Rock Band Blitz Review
Rock Band without the instruments
In fact, the first thing you need to know about Rock Band Blitz is that it doesn't actually use a guitar at all - or any other of the plastic instruments that have taken up residence over the years in the corner of your room. Instead, the game's played using only your controller - and even then, it only uses a few buttons. Taking the Rock Band concept, and distilling it into a (supposedly) easier to pick up and play form, Rock Band Blitz splits songs up into a maximum of five tracks, one for drums, bass, lead guitar, vocals, and keyboard, much like the games that came before it. But rather than choosing your part, and trying your best to hit every single note, in Rock Band Blitz, you can switch between tracks freely at the press of a button. In order to prevent you having a mental breakdown as you try to hit every note across all five tracks simultaneously, each track only has two notes to play, as opposed to the usual five, which makes switching between tracks a lot easier than it could be. With several control configurations to choose from, you can choose a set up that suits you – on ours, we switch tracks using the analogue stick, and hit the left note using A, and right using B.
Rather than having to worry about keeping each track "going", so to speak, and trying to single-handedly keep an entire band from slipping into the red and failing, in Rock Band Blitz, it's actually impossible to fail a song, seeing as the entire design of the game relies on you missing loads of notes, as you're only physically able to play a single track. Instead, the only goal here is to earn as many points as possible, by splitting your time between tracks as wisely as possible - but how you’re actually meant to go about doing that isn't exactly explained all that well in game.
The most obvious way to increase your score is to build up your multiplier. Each track has its own multiplier, and unlike in other games, there’s no need to hit notes consecutively if you want to start your multiplier growing – all you really have to do is hit some notes in that track. As you hit notes in the track, and the multiplier increases, the track will start to glow in segments, with a fully coloured in track showing that you've levelled it up as much as is possible. The idea here is to level each of your tracks up evenly, and get them all fully levelled up before you reach a checkpoint gate, as the checkpoints increase your level cap by three above your lowest level - so passing through a checkpoint when your lowest level is level 4 will take your level cap to 7. Encouraging you to switch between tracks as much as possible to level them all up, this is an approach that'll require you to learn each song off by heart if you want the best score, as you learn to make the most of your time in each track – after all, there’s no point sitting waiting for the next drum note to come if there are dozens whizzing past on other tracks.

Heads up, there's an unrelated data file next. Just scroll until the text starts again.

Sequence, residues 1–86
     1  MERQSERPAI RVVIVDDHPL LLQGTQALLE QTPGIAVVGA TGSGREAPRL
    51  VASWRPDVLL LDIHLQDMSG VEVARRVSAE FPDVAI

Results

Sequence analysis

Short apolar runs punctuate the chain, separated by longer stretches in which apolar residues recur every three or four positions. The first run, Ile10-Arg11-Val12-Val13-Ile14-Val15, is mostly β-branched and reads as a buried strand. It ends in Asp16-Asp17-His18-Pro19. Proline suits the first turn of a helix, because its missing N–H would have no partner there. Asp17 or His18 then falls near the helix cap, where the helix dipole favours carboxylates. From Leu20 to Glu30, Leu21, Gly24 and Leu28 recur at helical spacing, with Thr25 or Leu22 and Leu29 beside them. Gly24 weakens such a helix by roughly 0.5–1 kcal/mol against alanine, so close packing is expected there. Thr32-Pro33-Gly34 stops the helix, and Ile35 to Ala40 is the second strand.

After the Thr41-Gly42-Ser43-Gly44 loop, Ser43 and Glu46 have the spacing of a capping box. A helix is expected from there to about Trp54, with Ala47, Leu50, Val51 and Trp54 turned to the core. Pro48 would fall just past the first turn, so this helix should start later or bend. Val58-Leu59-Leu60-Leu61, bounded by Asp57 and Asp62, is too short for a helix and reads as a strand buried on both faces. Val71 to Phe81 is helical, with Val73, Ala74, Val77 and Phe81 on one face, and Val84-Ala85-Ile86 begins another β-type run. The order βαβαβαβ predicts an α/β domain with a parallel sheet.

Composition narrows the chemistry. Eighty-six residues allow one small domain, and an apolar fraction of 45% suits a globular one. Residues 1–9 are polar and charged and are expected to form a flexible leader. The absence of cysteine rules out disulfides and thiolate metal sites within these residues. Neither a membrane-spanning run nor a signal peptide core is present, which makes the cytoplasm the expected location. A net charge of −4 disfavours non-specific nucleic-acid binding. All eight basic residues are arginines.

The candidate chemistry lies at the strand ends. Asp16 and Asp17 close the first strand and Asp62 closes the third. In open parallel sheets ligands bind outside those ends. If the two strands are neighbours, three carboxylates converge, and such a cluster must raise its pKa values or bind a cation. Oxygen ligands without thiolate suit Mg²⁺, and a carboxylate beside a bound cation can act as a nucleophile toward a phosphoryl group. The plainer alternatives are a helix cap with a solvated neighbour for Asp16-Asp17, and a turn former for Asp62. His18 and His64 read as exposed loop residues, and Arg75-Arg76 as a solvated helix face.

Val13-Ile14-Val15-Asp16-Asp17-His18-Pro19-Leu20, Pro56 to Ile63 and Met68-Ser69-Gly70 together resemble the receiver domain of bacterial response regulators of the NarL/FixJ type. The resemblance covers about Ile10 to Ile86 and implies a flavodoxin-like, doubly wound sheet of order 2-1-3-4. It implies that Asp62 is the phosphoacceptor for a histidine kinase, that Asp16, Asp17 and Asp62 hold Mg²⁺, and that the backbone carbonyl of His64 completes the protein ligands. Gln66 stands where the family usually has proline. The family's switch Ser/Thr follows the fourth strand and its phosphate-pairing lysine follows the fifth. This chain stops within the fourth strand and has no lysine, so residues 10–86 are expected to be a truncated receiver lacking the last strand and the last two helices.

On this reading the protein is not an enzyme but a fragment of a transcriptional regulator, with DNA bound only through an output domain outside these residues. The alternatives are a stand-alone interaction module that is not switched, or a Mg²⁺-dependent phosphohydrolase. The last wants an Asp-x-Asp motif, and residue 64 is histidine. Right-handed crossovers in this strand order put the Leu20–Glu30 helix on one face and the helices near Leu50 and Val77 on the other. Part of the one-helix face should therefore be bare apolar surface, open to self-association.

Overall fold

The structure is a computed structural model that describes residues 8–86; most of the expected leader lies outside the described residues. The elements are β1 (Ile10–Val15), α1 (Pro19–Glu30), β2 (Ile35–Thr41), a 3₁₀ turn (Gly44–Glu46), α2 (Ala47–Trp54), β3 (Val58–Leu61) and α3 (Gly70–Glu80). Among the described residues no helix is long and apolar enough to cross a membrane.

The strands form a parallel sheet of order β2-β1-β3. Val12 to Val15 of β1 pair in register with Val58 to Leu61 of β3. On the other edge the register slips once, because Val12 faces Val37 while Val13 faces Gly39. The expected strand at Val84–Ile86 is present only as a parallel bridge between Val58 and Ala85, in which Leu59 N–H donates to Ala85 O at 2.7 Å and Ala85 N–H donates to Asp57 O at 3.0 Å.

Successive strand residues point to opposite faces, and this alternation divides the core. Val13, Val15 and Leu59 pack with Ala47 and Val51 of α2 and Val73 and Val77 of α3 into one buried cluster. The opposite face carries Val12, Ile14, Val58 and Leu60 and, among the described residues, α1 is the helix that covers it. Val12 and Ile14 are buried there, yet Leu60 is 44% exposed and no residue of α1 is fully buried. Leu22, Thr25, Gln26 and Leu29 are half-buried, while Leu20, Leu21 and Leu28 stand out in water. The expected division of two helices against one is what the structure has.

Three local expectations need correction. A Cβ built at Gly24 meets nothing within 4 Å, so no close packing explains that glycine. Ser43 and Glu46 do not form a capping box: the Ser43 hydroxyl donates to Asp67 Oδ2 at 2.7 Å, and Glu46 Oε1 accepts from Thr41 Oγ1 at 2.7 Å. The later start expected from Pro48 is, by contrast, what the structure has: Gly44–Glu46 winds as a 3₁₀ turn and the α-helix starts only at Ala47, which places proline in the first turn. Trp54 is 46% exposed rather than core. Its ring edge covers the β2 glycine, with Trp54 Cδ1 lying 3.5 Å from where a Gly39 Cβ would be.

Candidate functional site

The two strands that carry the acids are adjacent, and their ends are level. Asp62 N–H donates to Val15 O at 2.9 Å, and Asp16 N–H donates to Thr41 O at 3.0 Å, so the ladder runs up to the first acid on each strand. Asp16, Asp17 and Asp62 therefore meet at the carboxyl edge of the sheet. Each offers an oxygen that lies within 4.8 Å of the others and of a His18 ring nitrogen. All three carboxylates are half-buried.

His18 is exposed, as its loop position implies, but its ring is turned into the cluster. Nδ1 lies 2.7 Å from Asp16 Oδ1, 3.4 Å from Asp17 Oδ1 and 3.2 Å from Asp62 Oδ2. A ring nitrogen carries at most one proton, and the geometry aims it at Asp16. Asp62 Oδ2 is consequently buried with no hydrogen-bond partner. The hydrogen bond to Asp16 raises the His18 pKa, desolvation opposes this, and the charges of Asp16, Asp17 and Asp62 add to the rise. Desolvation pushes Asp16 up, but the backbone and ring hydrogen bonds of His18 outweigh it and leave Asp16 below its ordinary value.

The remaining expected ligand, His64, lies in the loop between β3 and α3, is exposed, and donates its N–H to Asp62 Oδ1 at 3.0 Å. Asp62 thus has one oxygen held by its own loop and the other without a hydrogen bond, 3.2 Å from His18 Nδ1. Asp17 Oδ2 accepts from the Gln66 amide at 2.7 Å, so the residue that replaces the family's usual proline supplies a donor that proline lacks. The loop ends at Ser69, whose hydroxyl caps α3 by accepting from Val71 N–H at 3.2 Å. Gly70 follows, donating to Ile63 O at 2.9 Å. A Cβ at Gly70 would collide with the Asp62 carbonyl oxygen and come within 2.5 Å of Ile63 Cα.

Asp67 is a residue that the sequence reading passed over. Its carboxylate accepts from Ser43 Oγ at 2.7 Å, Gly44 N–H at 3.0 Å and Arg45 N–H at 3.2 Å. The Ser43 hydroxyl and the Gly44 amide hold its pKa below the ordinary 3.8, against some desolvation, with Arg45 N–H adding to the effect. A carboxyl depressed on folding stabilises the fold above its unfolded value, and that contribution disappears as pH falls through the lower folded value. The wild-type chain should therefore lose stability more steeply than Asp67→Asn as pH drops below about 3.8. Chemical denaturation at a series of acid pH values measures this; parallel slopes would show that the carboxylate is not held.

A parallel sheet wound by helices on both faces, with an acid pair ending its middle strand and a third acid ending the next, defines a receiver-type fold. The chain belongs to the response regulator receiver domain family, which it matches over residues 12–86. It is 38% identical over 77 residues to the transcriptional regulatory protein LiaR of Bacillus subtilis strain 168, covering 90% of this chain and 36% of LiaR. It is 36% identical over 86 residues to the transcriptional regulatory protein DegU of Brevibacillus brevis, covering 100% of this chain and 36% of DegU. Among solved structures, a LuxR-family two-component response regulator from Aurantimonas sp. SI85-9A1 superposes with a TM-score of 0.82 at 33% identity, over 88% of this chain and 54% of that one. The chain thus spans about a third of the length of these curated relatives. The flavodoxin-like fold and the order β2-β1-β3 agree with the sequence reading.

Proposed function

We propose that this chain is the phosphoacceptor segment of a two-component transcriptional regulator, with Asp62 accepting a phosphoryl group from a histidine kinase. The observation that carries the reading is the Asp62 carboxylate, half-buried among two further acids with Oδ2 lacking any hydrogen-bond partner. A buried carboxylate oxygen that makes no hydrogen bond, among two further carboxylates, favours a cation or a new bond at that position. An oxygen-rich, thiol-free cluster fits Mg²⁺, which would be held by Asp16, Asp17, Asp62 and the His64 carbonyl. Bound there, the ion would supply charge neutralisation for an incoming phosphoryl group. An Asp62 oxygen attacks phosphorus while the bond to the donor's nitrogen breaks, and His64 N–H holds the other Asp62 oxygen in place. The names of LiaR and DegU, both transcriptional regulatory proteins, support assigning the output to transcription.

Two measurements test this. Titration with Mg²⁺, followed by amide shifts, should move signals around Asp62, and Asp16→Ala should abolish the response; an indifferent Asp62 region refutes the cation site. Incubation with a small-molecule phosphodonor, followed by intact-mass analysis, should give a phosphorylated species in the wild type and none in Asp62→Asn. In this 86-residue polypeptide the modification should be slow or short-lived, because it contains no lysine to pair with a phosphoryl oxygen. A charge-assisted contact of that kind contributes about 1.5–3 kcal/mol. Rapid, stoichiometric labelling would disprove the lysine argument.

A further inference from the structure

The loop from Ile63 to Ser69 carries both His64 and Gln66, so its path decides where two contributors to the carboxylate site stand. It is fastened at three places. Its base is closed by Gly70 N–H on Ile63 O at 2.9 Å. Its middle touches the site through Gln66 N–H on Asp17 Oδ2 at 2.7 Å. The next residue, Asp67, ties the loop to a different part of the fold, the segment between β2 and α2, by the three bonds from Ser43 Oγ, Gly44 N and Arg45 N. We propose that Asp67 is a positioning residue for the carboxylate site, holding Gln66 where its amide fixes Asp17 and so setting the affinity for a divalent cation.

But although the multipliers are a lot more forgiving, that doesn’t mean there’s no reward for hitting notes consecutively. Build up a decent streak, and you'll activate Blitz mode, a disorienting feature that adjusts the angle you're playing at, and adds in all sorts of crazy blurry effects, basically making it harder to see notes coming. In this mode, you're awarded a points bonus every ten notes you hit - and if you can keep it going, the bonuses keep getting bigger and bigger. Miss a note, of course, and you'll pull your Blitz bar back down - miss two or three, and you'll be sucked back into the real world, to build up a combo and activate Blitz mode again. Two multipliers down, plenty more to go.
The next power-ups work in a little bit of a different way to the ones detailed above, as they have to be equipped before you start each song. Split into three categories - Overdrive power-ups, Note power-ups, and Instrument bonuses, these power-ups actually have to be unlocked in order for you to use them – and, in a way not too dissimilar to Bejeweled Blitz on Facebook, cost “Coins” if you want to be able to equip them for a song. Seeing as you earn plenty of coins for finishing each song, though, it’s unlikely you’ll ever have to forego your favourite power-up because you can’t afford it – and, thankfully, extra coins can’t be bought using real money.
The first power-up you’ll earn is a 2x Overdrive power-up, which works in a similar way to other Rock Band games - by hitting special, white notes on the tracks, you'll fill up your Overdrive bar, which can then be triggered by pressing X, giving you another 2x multiplier on top of your regular ones, leading to some pretty huge scores. The only problem is, it's not really obvious enough when you've earnt enough to use your power-up - it may be front and centre, and represented by quite a large icon, but with so much going on, it can easily get lost in the muddle. Your first Note power-up, meanwhile, is a kind of bomb, which takes the form of a random purple note that shows up in one of the tracks at fairly regular intervals. Hit it, and you’ll detonate it, which causes an explosion that clears a number of notes in all surrounding tracks, and scores you points for them all. Meanwhile, the Instrument power-ups are a little bit different. The first one you unlock is called Synchrony, and adds a little set of lines at regular intervals on the track. If you switch track just as you're passing over these lines, you'll earn a point bonus, and automatically take out the first note on the track you've switched to. With plenty more waiting to be unlocked, it’s through mixing these various power ups, experimenting with various combinations, and finding a set that works best for you, that lets you get the highest possible scores.